Think back to the last time you kept replaying a negative situation in your head. Maybe you said something you wished you could take back, or made a mistake at work you couldn’t seem to forget. Now, recall how you thought about the situation. Did you take some time to process what happened, and look to the future with the realization that mistakes can have positive outcomes? Or did you obsess over one moment, dredging up every reason why things went wrong? 

If you did the latter, you fell into the trap of rumination — or as Jonathan Alpert, M.S., a psychotherapist and author of Be Fearless: Change Your Life in 28 Days , tells Thrive, you denied yourself the opportunity to reflect and grow. “Reflection is the processing of experiences with purpose, and with the goal of gaining insight, learning, and ultimately self-improvement,” Alpert says. “By contrast, rumination is when someone thinks about something over and over again, without purpose.” Although reflection and rumination have some intrinsic differences — reflection is purposeful and goal-oriented, whereas Alpert notes there is an obsessional component to rumination —  it can be all too easy to let healthy contemplation transform into compulsive overthinking. 

There’s good reason to make sure self-reflection doesn’t turn into destructive thinking: Research published in Personality and Individual Differences shows that rumination is associated with anger, depression, and anxiety, and can affect sleep quality. 

If you instead make the effort to engage in self-reflection, you’ll experience the opposite. Self-reflection is a tool that helps us approach life with a growth mindset and develop a greater sense of identity, according to Makena Schultz Neal, a doctoral candidate at Michigan State University. And when it’s done the right way, reflecting on a negative event (for a limited period of time, that is) can actually help with emotion regulation and well-being, according to research published in Social and Personality Psychology Compass. “To break through ruminations, know that by changing the way you think, you can change the way you feel,” Alpert says. Changing the way you think is no easy task, but you can start by simply asking yourself a few questions. 

What makes you ruminate? 

Knowing the kinds of situations or circumstances that cause you to ruminate can help you prepare a coping strategy. Edward R. Watkins, Ph.D., a professor of experimental and applied clinical psychology at the University of Exeter, writes in Psychology Today that some “people report that changes in their feelings and physical sensations can be warning signs and triggers for worry and rumination — for example, beginning to feel tense, hot, and stressed, or starting to feel down and low, with a sinking feeling in the stomach.” For others, it can be a time of day, location, or even a specific part of a routine that triggers rumination. Developing an awareness of what these cues look like for you is the first step in overcoming them.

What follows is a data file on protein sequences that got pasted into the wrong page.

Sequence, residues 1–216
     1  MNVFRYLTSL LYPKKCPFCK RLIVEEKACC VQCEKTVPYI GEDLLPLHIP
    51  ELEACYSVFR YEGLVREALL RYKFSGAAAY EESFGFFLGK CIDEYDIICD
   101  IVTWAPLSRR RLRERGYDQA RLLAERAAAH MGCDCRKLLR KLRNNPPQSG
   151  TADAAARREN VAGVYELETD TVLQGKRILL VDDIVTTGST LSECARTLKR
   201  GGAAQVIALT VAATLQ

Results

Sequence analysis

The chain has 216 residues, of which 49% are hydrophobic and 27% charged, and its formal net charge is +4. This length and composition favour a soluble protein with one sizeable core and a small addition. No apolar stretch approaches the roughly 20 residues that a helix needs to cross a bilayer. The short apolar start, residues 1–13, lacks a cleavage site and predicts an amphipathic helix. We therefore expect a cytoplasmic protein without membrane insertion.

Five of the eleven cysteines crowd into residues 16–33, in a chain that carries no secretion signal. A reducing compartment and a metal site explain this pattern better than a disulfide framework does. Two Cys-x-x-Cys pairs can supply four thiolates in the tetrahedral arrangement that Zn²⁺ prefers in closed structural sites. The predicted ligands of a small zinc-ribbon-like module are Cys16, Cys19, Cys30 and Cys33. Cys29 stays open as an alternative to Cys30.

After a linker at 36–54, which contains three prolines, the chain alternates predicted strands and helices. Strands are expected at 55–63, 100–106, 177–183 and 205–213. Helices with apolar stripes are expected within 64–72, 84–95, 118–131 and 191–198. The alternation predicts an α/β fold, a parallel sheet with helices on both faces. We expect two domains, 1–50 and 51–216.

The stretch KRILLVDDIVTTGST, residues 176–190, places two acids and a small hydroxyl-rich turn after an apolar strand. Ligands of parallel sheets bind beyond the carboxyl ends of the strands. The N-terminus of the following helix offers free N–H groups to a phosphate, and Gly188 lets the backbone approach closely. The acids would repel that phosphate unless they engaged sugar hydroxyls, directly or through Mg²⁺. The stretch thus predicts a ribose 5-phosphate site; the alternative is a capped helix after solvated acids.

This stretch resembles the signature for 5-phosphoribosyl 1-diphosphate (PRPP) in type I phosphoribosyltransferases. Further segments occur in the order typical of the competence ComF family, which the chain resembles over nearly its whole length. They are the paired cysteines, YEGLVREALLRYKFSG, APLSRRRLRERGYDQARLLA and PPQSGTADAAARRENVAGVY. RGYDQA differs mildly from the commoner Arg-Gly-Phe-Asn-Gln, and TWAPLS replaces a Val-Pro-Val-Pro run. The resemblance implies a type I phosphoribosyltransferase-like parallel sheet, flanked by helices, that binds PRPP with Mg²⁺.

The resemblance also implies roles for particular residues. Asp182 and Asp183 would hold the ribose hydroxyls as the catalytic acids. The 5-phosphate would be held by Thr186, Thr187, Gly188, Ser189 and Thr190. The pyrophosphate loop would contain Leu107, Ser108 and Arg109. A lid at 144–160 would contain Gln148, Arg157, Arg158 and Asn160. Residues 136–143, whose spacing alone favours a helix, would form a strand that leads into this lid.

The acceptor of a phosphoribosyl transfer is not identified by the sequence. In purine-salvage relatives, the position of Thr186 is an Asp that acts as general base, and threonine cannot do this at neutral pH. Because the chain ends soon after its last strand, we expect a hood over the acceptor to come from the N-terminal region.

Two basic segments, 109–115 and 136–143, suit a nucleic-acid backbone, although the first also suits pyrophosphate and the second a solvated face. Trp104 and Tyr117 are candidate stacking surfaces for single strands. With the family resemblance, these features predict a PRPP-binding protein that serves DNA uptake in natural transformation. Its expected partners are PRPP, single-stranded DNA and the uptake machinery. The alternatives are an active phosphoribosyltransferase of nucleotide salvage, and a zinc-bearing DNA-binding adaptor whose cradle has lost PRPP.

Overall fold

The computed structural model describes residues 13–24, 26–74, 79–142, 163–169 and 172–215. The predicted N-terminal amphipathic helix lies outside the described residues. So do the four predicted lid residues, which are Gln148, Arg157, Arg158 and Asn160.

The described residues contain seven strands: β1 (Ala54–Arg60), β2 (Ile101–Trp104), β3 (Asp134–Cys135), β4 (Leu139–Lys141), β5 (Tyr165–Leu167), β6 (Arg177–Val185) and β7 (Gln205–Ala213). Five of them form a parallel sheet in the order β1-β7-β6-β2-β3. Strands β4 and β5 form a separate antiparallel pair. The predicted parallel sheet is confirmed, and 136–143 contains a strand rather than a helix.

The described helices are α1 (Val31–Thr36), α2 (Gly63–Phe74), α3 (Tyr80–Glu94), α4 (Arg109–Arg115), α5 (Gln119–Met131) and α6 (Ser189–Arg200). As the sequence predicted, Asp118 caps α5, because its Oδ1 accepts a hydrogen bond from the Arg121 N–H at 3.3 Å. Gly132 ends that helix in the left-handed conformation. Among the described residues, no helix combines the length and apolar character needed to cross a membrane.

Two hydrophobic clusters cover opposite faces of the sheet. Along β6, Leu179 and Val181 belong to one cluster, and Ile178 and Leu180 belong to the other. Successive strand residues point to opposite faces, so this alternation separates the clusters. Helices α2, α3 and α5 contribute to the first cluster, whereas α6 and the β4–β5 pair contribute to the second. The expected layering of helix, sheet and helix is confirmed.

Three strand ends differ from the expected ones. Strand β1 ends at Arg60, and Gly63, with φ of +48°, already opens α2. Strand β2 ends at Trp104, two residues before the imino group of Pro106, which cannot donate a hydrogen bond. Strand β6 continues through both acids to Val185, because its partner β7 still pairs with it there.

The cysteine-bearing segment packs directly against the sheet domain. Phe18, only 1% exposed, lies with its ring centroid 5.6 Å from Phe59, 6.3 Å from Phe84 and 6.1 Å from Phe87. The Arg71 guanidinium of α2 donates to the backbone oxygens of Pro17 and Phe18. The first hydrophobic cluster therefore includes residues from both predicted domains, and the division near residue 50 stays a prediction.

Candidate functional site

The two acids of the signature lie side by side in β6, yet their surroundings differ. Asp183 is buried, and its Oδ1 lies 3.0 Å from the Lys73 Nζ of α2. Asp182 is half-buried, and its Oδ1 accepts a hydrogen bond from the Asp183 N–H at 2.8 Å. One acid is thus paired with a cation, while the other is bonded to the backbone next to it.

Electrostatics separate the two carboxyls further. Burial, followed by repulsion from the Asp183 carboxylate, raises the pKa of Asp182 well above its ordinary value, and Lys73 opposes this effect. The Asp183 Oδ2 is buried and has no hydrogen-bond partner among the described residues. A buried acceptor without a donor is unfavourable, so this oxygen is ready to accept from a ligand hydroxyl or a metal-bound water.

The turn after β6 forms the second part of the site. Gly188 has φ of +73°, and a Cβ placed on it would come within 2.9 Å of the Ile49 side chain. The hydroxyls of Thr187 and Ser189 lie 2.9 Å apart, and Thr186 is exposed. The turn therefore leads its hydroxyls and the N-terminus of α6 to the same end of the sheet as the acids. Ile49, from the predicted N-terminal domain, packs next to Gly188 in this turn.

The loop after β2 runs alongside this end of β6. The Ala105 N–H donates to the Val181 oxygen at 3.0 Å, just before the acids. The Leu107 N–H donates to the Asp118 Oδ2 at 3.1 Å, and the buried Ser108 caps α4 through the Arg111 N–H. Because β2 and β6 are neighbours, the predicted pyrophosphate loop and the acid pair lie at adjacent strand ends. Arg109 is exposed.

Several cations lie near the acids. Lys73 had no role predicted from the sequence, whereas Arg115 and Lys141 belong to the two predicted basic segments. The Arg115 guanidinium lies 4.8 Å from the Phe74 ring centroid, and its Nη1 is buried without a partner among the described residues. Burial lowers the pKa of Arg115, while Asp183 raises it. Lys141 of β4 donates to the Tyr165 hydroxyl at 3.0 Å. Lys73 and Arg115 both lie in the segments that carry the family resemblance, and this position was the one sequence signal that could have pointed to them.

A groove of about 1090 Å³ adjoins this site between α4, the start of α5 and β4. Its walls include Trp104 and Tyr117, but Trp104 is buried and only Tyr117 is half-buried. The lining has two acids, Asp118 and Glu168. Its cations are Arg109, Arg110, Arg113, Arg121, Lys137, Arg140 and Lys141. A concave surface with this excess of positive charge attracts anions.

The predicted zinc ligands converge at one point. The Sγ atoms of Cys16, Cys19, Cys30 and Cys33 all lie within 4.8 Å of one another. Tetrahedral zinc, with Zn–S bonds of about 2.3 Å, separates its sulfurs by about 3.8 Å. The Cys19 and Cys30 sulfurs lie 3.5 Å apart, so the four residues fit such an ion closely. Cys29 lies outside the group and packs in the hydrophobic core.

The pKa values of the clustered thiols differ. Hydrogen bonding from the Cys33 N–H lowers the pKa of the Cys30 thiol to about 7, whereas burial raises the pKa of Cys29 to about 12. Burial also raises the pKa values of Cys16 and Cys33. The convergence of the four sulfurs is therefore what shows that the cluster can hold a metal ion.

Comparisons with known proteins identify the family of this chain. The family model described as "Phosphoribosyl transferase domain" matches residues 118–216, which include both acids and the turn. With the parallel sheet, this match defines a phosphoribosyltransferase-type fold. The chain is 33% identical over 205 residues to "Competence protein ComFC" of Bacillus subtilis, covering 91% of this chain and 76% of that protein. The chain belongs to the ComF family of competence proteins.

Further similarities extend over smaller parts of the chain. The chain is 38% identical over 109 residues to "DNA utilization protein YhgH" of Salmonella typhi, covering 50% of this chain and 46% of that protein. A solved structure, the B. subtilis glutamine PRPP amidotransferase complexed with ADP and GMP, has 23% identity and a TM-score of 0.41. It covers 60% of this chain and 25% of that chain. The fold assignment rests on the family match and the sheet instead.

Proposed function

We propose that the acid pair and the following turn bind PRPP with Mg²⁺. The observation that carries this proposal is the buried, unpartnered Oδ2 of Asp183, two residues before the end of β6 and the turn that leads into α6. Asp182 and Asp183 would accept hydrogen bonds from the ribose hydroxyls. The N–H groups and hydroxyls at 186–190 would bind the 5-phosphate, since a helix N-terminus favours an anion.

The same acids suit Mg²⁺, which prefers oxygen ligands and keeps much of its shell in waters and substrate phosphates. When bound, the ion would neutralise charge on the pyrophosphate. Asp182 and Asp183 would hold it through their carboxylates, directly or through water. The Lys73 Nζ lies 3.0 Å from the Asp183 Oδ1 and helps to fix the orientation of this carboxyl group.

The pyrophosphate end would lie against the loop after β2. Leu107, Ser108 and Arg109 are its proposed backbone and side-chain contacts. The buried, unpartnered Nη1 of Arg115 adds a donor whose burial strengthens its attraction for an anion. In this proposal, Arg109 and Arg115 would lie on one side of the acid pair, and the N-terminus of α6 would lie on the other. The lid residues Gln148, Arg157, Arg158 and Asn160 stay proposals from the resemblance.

How do you feel about this situation, and how do you want to feel? 

A big difference between reflection and rumination is that reflecting will probably leave you feeling more positive and hopeful, while ruminating will leave you feeling defeated and stuck in the past. Alpert recommends asking yourself how you want to feel about a situation. More often than not, the way you want to feel and how you actually feel when you ruminate are drastically different. Identifying the discrepancy in your emotions and the kind of headspace you’d like to achieve can you help you decipher what exactly needs to be changed.

What is a healthier way to think about this? 

Ask yourself if you see any benefit in your ruminations, Alpert suggests. The answer is very likely no, which can help prompt you to move on, and move towards a healthier way of framing your thoughts. Research published in Personality Processes and Individual Difference finds that self-affirmation, or stating or thinking about a positive aspect of yourself or a value you hold, can help regulate ruminative thinking. For example, if you are dwelling and ruminating on the fact that you were late to work this morning, try telling yourself “I am a hard-working employee,” and then do your best to be on time tomorrow.

What actions can you take to stop damaging thoughts? 

It’s important to think of actionable steps to stop rumination in its tracks. Although it is not recommended as a long-term coping strategy, positive distractions can help alleviate ruminative thoughts in the short-term. Research published in Perspectives on Psychological Science asserts that short periods of positive distractions  — think activities like jogging or spending time with friends — can improve mood, quality of thinking, and problem-solving. However, the researchers emphasize that chronically suppressing thoughts, especially if you suffer from depressive symptoms, is not a healthy behavioral pattern. More effective long-term coping strategies for ruminative thinking include journaling about your thoughts, and restructuring your goals so they are more attainable. “Start to think about solutions, and move from the victim to victor mentality,” Alpert says. 

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  • Jessica Hicks

    Managing Editor at Thrive

    Jessica Hicks is a managing editor at Thrive. She graduated from Lehigh University with a degree in journalism, sociology, and anthropology, and is passionate about using storytelling to ignite positive change in the lives of others.